The United States government is the largest, most creditworthy borrower on the face of the planet. At the time of this writing it is paying just over a 1% interest rate for its newly issued 10-year bonds. The U.S. plays an outsized role in the world economy. It has deep and well-established financial markets, relatively secure property rights and the dollar is fully convertible. Investors can always sell their U.S. government debt.
The logic of the U.S. government borrowing trillions of dollars for its citizens in the time of the coronavirus has a certain appeal. Millions of U.S. households and small businesses have zero or reduced incomes. We are in a bind through no fault of our own. We desperately need a loan to tide us over. Compared to each and every one of us seeking out such a loan, it makes sense for Uncle Sam to borrow for all of us at the low rate he has access to. We will then pay back the loan as best we can through future tax payments. This is in the spirit of Jimmy Stewart’s plea in the movie “It’s a Wonderful Life” to the residents of Bedford Falls: “We’re all in this together.” At least in theory.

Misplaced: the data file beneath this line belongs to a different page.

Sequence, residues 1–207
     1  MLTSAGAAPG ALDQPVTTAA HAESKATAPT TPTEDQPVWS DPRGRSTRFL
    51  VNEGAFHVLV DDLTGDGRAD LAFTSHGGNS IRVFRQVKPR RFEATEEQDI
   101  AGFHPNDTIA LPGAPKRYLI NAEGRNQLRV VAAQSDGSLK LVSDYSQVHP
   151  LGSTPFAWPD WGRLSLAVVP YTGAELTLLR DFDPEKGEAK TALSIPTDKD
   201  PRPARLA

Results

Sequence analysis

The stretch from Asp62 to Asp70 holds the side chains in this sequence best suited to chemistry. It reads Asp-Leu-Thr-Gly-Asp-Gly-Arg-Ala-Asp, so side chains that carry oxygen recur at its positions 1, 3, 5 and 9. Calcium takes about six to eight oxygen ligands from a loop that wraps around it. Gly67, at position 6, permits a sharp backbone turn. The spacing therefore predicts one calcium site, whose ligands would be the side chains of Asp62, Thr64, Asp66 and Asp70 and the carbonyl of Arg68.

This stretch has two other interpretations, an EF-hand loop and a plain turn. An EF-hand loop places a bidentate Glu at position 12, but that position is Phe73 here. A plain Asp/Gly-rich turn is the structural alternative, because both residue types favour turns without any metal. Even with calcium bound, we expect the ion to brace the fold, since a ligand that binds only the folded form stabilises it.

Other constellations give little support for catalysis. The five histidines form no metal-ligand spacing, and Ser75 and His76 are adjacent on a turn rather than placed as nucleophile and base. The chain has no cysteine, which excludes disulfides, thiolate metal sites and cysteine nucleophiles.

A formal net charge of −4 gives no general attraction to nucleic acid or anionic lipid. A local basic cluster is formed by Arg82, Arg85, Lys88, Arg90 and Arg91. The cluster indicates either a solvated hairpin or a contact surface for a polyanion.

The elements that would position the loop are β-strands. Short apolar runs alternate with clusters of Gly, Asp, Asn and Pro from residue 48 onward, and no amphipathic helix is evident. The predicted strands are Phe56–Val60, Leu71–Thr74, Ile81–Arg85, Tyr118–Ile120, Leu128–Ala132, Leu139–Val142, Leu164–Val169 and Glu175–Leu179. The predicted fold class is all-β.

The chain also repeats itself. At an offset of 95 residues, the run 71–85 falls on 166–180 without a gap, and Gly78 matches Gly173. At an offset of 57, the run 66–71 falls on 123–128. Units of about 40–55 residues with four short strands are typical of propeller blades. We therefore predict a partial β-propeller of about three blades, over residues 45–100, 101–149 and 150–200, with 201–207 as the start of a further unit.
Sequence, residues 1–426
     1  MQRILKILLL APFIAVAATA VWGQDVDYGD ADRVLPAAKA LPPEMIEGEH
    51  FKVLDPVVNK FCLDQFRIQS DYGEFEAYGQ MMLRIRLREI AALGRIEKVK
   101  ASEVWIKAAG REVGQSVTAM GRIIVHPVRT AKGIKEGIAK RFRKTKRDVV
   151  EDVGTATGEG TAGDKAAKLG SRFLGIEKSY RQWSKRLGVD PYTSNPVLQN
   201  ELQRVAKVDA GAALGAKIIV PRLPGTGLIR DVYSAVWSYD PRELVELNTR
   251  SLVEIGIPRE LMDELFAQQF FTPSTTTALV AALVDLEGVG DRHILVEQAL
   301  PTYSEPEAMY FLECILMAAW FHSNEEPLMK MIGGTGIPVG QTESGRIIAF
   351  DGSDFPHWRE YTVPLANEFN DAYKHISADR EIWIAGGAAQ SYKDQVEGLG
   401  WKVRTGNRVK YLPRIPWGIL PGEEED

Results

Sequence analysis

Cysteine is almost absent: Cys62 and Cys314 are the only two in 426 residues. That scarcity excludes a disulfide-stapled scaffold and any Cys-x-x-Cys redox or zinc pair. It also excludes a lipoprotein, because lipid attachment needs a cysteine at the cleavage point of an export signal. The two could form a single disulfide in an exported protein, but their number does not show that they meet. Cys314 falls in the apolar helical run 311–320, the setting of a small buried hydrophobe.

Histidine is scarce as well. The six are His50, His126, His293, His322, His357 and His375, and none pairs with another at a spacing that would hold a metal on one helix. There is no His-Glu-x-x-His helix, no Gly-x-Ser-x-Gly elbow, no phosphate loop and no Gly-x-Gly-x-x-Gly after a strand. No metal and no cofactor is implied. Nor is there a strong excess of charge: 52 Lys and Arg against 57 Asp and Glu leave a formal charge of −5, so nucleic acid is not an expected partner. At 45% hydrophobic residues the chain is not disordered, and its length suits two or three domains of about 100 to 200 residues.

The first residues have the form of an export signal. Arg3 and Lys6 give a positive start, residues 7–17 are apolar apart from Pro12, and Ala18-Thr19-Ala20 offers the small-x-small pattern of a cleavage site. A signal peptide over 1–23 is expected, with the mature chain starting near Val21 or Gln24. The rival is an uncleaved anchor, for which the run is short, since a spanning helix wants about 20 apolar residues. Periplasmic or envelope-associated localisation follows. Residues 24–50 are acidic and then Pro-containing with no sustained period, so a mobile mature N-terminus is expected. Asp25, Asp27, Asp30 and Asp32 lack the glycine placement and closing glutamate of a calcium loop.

First, many of the recipients of increased federal coronavirus spending, such as universities and state and local government entities, are not federal taxpayers and will never pay back the loans. Second, there is no real link to the loans Uncle Sam is taking out for us and our repayment schedule. That’s not how government debt currently works.
But we think there is a way to structure federal borrowings so that they are more like personal loans. To take a cue from Marc Goldwein at the Committee for Responsible Federal Budget, we propose $1 trillion of new debt be specifically issued as Corona Bonds. The bonds should be long term and be backed by a small surtax on current federal income taxes earmarked for their repayment.
This would be good policy. First, it reinforces the notion that the current payouts to household and business are a “one-off”—not a new permanent way of life. Second, it would certainly impress financial markets that the U.S. is not an entirely profligate nation. It would protect and probably enhance our elevated status in the world economy.
The coronavirus has given us fiscal lemons—let’s make some lemonade!•
Bohanon and Curott are professors of economics at Ball State University. Send comments to email@example.com.